Today we’re going to talk about M&A as it relates to your brand and how it could go wrong and what you might be able to do about it.


All right, thanks for joining today, we’re gonna talk about M&A as it relates to your brand, and if you can guess from the little crashed rocket, we’re gonna talk a little bit about how it could go wrong, and what you might be able to do about it. So the first thing we’ll talk about is culture clash, and I think anybody who’s been through a merger or acquisition knows that there’s a potential for culture clash. Sometimes it’s little, it’s a small team, sometimes it’s more pervasive. But let’s go right to the beginning of how these deals come together, and I think you can understand how a brand gets set up for this. Oftentimes there’s principles and kind of behind scenes conversations going on, they don’t necessarily have the benefit of talking to the teams that are going to be tasked with finding a way to work together. Furthermore in today’s connected culture, even the systems that teams use to collaborate can be a friction point. So it’s important that principles and owners and the folks involved with the deal are at least attuned to the culture as they’re going into these discussions, so they know just what kind of challenge lays ahead.

The second challenge that we’re going to talk about is differentiation. And a lot of times in those deals looking at something that sounds really good on paper can lead to a delusion of a firm’s differentiation. What might be differentiated as constituent parts, can come together into more ambiguous hole if you’re not careful looking in. Sometimes the ideas of how we get from A to B might make sense from an internal perspective, but looking from the outside in it’s important to see how the market is going to perceive that combined differentiation of your firm.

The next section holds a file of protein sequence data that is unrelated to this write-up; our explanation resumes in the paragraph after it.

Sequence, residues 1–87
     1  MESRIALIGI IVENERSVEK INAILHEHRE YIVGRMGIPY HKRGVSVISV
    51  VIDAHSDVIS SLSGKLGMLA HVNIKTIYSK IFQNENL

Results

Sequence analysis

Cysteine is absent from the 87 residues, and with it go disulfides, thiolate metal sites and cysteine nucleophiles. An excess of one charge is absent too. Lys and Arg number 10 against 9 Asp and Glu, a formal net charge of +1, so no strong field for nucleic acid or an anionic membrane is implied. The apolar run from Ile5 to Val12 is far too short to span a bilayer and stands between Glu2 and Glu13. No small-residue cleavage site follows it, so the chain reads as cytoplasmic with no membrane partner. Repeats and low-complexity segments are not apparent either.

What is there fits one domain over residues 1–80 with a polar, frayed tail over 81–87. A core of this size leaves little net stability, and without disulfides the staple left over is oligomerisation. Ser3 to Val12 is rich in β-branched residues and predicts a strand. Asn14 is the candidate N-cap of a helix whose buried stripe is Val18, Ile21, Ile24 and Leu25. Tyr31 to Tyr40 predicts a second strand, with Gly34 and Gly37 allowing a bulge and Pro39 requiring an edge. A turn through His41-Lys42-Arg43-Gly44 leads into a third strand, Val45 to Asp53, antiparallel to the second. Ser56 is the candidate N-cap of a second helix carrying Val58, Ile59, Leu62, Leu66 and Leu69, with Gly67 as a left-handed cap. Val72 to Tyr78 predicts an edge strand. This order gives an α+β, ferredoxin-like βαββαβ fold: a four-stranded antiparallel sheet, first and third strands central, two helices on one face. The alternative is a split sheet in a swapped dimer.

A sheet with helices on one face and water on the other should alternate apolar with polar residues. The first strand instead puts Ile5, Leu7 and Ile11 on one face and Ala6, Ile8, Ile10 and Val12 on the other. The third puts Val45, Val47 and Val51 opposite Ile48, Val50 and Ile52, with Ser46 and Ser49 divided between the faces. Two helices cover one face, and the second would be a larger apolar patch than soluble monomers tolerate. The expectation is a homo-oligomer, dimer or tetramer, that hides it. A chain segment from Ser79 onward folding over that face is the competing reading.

You also can’t discount a merger and acquisition as just a major distraction. There’s a lot of logistics that go along with a merger and acquisition, if you’re looking at it from the brand respective. Just think of all of the collateral that needs to be updated, the messaging that needs to be updated. This piece, usually teams might have hives about, but they can work through, it’s pretty logical to work through the steps to combine brands and look at that if a roadmap is in place, but no matter what it’s going to take some effort and some consideration from the teams to get through that, and that sometimes can take your eye off the ball.

So if we’ve delude our positioning externally, and we might be grappling with some evolving roles internally and cultural alignment, imagine what that looks like on the outside. It could lead to marketplace confusion, so it’s really important to have a strong roadmap to communicate a merger and acquisition to the audiences you care about. And when I talk about a roadmap, I’m going beyond replacing logos on letterhead, doing the logistics, website updates and all of those things, but thinking about the transition plan itself. So if a brand that has really strong equity is coming into the fold, perhaps that transition is longer and there’s more communication and associated budget with that, than a brand that’s coming in with pretty light equity and may not be as known in the marketplace, then the larger brand can continue and kinda hold the gravity for that.

So to bring it all together, if you watch out for these potential pitfalls, you can avoid an overall loss of brand strength, whether that’s through delusion, confusion, loss of differentiation within the marketplace. Having a good roadmap in place, working through the logistics, making sure that you’re attuned to aligning cultures within the composite brand can really help make that transition as smooth as possible, and realize the efficiencies and the 1 plus 1 equals 3 formula that everyone is really striving for.